If you have to reschedule, please contact our scheduling office 617-355-2797 as soon as possible. Please keep in mind that many patients like you are waiting to get their MRI test, and if you miss the appointment or don’t let us know at least several days in advance, we can’t use the machine for another patient.

    If your child is scheduled for anesthesia, please arrive no later than one hour before the exam time.

    If your child is not scheduled for sedation or anesthesia, please arrive no later than 30 minutes before the exam time.

    After arriving at the hospital, proceed to the 6th floor of the Main South building. Once you enter the hospital, take the Main elevators up to the sixth floor and look for the signs for 6 South.

    Before the exam begins

    After you fill out a screening form, a nurse will explain the exam, answer your questions and let you or your child know if you need to change into a hospital gown.

    A nurse or technologist will then put ECG leads (stickers) on your child's chest or back.

    All patients who need gadolinium (contrast dye), anesthesia or a drug test require an intravenous line (IV). A cream that numbs the skin may be applied before the IV is placed (patients need to arrive one hour prior to the exam time to allow time for the cream to take effect).

    During the scan

    You may stay with your child during the MRI. If you are pregnant, you may bring someone to stay with your child (only one person may stay). You will be asked to remove watches, credit cards and all jewelry, except 14k gold. These items will be kept in a locker.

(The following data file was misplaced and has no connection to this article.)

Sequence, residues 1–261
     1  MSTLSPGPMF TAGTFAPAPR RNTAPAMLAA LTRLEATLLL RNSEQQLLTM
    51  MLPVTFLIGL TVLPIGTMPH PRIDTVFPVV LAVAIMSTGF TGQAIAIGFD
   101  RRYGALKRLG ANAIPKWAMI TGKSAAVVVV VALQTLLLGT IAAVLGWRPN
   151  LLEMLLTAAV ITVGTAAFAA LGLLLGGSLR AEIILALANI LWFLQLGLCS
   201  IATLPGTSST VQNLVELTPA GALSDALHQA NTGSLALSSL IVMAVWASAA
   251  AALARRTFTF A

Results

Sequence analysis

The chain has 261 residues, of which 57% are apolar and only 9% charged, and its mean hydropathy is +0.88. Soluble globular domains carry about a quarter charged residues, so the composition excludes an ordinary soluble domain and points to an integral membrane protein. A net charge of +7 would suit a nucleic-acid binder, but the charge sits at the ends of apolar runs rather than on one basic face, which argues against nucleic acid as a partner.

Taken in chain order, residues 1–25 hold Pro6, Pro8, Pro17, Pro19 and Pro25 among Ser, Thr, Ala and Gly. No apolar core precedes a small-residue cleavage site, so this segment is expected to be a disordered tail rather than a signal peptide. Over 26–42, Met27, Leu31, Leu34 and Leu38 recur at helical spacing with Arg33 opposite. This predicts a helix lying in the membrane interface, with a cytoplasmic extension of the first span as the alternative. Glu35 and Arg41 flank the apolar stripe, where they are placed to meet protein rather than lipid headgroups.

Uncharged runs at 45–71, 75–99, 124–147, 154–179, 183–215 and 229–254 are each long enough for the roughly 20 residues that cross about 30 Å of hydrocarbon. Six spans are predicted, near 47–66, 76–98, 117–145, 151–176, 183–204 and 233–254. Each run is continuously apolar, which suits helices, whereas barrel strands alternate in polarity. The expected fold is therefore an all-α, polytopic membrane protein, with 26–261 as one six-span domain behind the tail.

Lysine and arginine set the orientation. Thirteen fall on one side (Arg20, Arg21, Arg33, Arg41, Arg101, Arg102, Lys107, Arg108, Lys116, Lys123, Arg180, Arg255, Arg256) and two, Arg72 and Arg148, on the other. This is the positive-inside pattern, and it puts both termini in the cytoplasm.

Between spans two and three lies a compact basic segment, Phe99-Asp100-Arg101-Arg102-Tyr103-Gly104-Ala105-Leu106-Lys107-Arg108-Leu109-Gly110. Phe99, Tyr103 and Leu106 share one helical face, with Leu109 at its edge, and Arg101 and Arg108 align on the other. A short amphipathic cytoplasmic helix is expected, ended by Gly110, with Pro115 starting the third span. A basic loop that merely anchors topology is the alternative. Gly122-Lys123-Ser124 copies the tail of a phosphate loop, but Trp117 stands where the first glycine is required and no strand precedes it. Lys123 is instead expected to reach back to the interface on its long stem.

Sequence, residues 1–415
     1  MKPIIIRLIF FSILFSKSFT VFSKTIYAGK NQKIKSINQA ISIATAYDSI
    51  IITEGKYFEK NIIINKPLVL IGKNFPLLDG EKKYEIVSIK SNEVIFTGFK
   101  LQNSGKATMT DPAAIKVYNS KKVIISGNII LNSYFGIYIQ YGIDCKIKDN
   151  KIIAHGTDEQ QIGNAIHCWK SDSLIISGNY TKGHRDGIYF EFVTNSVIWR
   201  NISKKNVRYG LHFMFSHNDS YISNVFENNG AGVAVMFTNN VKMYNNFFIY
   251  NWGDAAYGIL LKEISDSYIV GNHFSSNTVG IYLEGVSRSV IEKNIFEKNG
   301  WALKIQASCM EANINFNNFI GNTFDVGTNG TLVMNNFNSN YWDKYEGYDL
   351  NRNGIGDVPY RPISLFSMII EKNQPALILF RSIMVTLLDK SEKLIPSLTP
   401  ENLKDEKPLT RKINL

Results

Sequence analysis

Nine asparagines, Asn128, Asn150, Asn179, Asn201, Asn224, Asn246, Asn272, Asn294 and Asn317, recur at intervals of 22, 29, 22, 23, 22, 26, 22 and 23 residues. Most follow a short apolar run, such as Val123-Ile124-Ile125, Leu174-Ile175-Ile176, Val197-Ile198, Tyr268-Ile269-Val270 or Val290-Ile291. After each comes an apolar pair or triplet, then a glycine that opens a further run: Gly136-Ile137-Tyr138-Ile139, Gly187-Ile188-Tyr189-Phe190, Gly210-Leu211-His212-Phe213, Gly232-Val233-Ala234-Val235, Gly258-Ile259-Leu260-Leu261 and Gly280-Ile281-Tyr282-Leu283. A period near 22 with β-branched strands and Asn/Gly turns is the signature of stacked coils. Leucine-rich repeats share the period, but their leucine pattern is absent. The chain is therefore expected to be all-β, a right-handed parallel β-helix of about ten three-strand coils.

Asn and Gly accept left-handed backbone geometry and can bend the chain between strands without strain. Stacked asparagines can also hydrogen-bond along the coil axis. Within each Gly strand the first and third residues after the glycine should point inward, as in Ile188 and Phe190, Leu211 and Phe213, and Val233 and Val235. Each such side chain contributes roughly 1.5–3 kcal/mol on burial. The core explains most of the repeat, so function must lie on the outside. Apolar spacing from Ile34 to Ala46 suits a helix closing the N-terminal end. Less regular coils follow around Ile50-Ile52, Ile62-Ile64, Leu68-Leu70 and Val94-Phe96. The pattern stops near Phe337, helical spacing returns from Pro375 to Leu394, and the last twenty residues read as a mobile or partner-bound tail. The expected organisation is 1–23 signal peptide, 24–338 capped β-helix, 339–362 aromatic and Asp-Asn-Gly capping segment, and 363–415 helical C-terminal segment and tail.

Your child may watch a movie or listen to music or a radio program during the test. You can bring your child’s favorite film or music with you.

    The technologist who operates the MRI machine will talk and listen to your child through a two-way speaker.

    After the exam

    If your child received anesthesia, she will go to the catheterization lab recovery room. When your child is fully awake and can drink, she’ll be ready to go home. This takes about one to two hours.

    Older patients who receive anesthesia, sedation or Valium (or a similar medication) must have a responsible adult with them when they leave the hospital. Any patient who receives sedation isn’t allowed to drive home. If a ride has not been arranged, the procedure will be rescheduled.

    How will we be informed of the results?

    When the MRI scan is finished, the cardiac MRI specialist will review the images. We’ll report the results to your child's cardiologist, who will call you with the results, usually within several days.

    Other information

    If you must cancel the MRI appointment, please call 617-355-2797 at least three days before the scan. For cancellation the night before the scheduled test, please leave a message at 617-355-6300. This phone is answered throughout the night.

    Patients with pacemakers, defibrillators and certain implants may not be able to have an MRI. If you have any questions, please discuss with your cardiologist or call us at 617-355-2797.

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- Sandra L. Fenwick, President and CEO